Techmeme Search finds "items", i.e. blog posts, news stories and tweets, that have appeared as headlines on Techmeme.
Items listed only in the "More" areas are excluded from results.
By default, only the title and first few sentences are searched. Unchecking "Search title & summary only" extends the search to the full body text.
Quoted phrases, wildcards, and standard search operators like + (plus), - (minus), AND, OR, NOT, and parenthesis are all supported.
Narrowing searches based on url, author, date, and other attributes is also possible. For instance, the query [ Streisand sourcename:Techdirt ] restricts searches for "Streisand" to items from the blog "Techdirt".
Examples of other operators follow:
Twitter Verification? No Thanks
— A few months back, Mike Hayes, who's a senior reporter at BuzzFeed and who also runs the official BuzzFeed Twitter account, sent around an email to the office. Twitter, he reported, was going to be verifying the whole staff at once.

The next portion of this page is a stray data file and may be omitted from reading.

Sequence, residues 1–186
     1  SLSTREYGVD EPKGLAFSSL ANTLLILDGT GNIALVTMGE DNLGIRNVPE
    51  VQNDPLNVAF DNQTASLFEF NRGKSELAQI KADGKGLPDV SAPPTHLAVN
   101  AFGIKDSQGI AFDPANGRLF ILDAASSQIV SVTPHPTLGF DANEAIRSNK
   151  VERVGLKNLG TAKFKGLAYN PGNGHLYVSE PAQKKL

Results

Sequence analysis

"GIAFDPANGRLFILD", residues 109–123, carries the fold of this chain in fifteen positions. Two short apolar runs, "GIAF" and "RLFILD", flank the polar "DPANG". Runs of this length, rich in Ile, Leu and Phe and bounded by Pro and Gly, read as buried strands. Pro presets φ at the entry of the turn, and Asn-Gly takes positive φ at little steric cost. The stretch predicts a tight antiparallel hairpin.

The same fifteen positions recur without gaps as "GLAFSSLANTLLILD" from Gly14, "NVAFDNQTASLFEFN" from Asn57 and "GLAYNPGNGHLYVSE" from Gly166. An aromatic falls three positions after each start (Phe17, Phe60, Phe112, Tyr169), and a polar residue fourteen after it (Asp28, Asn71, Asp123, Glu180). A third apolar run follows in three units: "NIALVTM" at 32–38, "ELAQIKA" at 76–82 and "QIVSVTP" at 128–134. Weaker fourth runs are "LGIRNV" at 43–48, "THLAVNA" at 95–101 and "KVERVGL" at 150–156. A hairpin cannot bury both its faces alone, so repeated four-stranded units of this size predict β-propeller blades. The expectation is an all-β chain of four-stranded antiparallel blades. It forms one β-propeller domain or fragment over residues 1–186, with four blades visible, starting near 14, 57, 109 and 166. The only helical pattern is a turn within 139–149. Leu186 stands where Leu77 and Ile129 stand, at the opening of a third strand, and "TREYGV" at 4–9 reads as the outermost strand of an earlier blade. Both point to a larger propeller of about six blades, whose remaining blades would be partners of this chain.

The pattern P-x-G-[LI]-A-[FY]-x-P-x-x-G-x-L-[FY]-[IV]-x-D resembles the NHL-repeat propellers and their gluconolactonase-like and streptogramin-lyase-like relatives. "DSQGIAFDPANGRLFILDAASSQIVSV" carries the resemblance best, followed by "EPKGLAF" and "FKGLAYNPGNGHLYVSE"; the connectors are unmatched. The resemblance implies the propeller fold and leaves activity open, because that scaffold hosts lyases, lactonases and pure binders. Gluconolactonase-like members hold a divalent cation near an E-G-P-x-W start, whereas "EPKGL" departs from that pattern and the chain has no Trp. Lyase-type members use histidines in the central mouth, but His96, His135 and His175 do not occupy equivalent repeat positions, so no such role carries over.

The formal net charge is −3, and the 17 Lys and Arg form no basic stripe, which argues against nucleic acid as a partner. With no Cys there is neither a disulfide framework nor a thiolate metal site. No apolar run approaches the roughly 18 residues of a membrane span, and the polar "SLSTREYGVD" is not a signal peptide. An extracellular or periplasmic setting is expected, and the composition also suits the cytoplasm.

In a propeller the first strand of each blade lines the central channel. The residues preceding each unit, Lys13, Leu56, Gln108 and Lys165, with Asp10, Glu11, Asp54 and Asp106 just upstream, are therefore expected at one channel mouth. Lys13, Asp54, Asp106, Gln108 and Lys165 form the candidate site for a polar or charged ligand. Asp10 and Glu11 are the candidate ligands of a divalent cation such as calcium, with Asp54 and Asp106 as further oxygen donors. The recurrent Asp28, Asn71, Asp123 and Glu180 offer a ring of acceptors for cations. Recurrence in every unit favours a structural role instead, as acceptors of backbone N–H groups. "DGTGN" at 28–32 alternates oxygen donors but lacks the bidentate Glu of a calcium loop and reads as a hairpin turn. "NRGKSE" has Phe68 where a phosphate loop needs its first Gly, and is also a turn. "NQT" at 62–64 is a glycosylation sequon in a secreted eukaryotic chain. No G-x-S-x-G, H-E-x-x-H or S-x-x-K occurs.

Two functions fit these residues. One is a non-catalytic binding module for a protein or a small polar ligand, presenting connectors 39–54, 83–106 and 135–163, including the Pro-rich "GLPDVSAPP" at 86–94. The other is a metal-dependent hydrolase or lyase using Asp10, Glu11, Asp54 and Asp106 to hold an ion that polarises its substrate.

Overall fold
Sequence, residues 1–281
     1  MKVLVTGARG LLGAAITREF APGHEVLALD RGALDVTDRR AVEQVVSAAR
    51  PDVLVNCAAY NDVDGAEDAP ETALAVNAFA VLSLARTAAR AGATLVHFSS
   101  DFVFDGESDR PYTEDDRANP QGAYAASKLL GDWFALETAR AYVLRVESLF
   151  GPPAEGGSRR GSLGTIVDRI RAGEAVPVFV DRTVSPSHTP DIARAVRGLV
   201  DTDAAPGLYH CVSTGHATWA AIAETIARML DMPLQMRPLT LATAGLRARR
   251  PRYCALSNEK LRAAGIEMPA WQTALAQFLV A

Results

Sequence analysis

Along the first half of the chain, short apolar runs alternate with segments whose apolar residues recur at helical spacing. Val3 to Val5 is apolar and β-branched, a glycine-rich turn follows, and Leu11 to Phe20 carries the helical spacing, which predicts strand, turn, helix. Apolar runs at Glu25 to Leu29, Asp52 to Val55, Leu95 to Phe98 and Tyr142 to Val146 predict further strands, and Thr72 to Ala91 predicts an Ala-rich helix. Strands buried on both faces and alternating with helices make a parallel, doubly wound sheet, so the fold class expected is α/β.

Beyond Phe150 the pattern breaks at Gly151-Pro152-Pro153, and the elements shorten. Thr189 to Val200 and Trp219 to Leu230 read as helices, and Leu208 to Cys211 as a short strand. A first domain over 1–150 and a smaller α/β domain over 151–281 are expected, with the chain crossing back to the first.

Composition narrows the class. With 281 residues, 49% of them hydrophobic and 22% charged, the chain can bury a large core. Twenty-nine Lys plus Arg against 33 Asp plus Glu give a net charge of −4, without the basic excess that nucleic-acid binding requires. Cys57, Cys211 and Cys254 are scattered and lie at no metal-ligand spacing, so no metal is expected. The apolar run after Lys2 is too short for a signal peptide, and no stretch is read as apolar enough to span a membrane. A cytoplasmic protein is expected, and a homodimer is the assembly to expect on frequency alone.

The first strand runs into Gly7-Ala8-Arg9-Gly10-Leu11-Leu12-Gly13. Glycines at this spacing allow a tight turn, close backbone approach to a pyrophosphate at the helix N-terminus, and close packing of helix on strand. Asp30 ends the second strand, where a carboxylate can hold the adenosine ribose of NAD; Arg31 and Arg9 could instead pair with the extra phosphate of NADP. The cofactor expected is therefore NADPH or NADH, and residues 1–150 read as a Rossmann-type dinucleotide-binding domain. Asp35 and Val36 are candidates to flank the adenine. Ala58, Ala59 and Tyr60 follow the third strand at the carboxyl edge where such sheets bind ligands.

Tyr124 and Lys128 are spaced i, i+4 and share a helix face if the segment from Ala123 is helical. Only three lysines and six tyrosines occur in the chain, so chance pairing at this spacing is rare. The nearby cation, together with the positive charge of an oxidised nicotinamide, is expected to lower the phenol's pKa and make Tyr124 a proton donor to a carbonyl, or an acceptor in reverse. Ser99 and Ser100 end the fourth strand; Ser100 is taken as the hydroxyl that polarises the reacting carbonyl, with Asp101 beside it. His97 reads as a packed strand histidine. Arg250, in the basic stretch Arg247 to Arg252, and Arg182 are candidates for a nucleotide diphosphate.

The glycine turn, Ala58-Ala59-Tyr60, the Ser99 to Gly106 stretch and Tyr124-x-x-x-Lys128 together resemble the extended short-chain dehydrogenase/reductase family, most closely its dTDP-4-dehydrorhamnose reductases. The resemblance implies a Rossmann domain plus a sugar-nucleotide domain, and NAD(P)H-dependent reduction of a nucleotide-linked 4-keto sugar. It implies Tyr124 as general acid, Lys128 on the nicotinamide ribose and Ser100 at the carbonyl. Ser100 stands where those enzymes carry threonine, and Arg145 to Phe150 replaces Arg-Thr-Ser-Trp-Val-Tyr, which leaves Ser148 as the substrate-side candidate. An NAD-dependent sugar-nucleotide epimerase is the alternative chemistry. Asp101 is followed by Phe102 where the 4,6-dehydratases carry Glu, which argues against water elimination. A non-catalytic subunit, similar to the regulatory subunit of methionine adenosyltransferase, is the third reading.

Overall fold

Your Massively Open Offline College Is Broken
— I wrote a thing last fall about massive open online courses (MOOCs, in the parlance), and the challenge that free or cheap online classes pose to business as usual in higher ed. In that piece, I compared the people running colleges today …
One Nuclear Bomb Will Ruin Your Whole Startup Bubble
— There's plenty of blame to go around! I have been a “quit your job!” evangelist. I have hustled entrepreneurism in magazines; we even run a quit yer job column right here (and there's a good interview coming later today!).
‘New York Times’ Bans the Word ‘Tweet’
— Phil Corbett, the latest standards editor at the Times (maybe the greatest job in the world?), has issued a proclamation! Yesterday, the following memo went out, asking writers to abstain from the invented past-tense and other weird iterations of the magical noun-verb “Twitter.”
Why Apple Deserves an Oscar Too
— Avatar is in contention for an Oscar because it dominated its field, both technologically and financially. But another cinematic player was even more dominant last year: Apple. In the 44 films in 2009 that topped the box office for at least one weekend …